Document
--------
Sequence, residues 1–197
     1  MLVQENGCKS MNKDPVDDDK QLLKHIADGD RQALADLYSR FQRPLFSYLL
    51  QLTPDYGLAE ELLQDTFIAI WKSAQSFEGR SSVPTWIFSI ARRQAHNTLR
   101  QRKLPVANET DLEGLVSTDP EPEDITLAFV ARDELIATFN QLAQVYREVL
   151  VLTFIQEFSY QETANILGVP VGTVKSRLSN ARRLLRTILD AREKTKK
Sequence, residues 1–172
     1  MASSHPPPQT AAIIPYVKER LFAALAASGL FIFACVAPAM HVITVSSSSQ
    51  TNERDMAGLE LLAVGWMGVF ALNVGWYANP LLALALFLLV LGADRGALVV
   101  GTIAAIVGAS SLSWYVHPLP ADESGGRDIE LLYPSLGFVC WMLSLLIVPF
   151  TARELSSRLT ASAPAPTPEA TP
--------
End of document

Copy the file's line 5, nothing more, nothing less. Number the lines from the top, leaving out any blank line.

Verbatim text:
   151  VLTFIQEFSY QETANILGVP VGTVKSRLSN ARRLLRTILD AREKTKK